There are those who wholly question the enterprise of Christian apologetics. The assert that God will call those whom he choses, and apologetics is just a distraction to the work of the Holy Spirit and the revelation of God. This was Karl Barth’s position.
The idea is prima facie nonsense. When a missionary travels to another country to proclaim the gospel, she learns the language of the people so as to communicate in terms that they understand. Apologetics is simply the language the secular world uses to talk about God. To say we shouldn’t practice a rational defense of the Christian faith is like saying the missionary need not study language, because the Holy Spirit can do whatever it wants.
When I was a junior in high school, a church youth group in which I was participating took me to a weekend retreat in hopes of setting up camp in my heart. This was in Southeast Texas, and the only people who ran Christian camps there were Baptists. I remember listening to a firey preacher say quite a bit about hellfire, and I spent a good deal of time after his lectures asking him questions. Admittedly, I had not read the Bible, and he had. The Jesus I wanted to talk about was a projection of the niceties I most enjoyed. He was frustrated with me. I’m sure I was not particularly respectful or informed or interesting to him. And after what was probably a lot of patience, he said to me, “Sometimes you have to stop doubting and just believe.” Of course this was a wasted answer on a thinking person. It was an act of the missionary saying, “I’m tired of learning your language.”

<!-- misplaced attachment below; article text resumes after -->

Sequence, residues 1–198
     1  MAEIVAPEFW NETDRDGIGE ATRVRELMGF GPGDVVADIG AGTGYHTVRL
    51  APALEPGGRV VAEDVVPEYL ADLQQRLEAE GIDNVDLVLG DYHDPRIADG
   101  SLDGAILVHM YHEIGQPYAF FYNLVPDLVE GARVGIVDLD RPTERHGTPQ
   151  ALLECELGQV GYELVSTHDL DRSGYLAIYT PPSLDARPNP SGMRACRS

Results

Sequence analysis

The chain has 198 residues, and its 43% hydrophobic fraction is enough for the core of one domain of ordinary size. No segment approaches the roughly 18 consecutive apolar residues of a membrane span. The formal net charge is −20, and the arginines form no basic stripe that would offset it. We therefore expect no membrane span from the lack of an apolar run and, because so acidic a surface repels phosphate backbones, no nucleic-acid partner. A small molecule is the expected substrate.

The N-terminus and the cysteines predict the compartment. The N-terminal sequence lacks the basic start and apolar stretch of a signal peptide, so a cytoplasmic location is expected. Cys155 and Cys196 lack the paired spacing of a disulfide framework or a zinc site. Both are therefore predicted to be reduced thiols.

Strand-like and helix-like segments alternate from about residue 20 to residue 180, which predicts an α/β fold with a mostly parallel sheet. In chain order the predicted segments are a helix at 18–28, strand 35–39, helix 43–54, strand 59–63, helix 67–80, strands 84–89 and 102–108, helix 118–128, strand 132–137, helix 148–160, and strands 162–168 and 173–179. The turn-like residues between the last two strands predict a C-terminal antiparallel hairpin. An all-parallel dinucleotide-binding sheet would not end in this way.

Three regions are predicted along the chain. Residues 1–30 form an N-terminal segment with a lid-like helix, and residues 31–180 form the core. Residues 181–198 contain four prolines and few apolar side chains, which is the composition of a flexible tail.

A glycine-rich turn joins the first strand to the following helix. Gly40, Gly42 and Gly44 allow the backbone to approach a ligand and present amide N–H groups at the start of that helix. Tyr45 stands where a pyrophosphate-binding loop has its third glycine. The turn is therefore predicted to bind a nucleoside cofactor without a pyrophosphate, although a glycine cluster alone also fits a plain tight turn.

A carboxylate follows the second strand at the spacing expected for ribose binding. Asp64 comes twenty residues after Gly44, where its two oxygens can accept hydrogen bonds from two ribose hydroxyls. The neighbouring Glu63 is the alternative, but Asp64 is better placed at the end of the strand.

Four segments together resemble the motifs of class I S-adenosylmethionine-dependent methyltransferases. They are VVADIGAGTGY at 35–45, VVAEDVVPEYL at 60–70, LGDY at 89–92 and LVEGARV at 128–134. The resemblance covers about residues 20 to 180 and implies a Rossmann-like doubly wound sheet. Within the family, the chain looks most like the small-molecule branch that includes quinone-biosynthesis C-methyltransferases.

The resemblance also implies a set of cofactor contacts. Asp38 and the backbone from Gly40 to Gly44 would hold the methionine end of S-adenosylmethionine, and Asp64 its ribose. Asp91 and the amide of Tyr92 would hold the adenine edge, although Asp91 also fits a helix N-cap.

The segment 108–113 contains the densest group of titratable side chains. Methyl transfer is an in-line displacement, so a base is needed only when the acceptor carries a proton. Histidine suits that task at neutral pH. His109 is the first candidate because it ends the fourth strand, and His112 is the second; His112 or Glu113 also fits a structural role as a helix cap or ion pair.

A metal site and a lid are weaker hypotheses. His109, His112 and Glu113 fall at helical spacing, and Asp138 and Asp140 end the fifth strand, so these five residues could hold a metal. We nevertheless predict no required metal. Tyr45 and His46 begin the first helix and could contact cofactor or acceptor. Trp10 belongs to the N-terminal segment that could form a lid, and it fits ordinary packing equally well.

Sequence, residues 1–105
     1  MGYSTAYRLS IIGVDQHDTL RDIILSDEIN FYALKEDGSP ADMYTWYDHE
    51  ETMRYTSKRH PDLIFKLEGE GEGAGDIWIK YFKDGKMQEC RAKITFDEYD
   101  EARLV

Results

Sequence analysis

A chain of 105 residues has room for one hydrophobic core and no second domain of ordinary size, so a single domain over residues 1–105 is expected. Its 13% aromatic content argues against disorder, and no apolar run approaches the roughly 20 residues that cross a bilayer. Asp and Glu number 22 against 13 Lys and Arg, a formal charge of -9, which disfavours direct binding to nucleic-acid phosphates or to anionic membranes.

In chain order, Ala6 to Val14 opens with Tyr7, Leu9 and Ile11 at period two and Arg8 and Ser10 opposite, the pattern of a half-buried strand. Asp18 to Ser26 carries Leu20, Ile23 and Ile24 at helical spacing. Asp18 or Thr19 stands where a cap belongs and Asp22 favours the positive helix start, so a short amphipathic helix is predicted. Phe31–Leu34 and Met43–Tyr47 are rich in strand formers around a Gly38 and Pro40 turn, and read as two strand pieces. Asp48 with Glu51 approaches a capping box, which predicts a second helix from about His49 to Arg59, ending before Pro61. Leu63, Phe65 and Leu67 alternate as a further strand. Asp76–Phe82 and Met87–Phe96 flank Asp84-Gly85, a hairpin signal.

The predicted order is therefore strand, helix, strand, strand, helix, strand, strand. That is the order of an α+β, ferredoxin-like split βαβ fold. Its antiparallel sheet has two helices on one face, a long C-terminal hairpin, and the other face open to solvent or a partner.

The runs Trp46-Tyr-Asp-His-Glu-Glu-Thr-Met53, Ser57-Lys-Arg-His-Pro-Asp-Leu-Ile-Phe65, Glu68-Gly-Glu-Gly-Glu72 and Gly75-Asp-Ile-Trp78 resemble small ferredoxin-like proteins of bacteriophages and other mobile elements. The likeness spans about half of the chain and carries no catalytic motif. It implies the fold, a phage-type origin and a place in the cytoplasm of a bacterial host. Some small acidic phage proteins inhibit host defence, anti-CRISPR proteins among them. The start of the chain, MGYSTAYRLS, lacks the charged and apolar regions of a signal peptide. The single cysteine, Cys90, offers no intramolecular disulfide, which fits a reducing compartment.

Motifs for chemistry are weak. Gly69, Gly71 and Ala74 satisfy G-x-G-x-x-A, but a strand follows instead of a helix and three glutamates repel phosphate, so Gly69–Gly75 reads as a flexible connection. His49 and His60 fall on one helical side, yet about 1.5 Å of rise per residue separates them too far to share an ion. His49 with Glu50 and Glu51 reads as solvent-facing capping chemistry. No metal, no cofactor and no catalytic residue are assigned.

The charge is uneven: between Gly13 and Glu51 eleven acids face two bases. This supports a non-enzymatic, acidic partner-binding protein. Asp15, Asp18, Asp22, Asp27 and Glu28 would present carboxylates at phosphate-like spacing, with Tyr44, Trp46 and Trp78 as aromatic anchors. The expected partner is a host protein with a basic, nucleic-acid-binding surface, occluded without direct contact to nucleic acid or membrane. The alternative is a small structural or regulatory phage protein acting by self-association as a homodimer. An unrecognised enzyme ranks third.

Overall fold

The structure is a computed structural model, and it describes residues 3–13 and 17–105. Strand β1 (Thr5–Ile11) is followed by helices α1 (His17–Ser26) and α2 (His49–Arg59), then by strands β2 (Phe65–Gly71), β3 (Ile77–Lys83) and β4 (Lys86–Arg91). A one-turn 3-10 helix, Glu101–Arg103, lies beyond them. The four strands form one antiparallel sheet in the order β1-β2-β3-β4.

Compassion requires translation. We must be about the work of addressing hard questions with meaningful answers. And the cause of Christian apologetics will always be essential.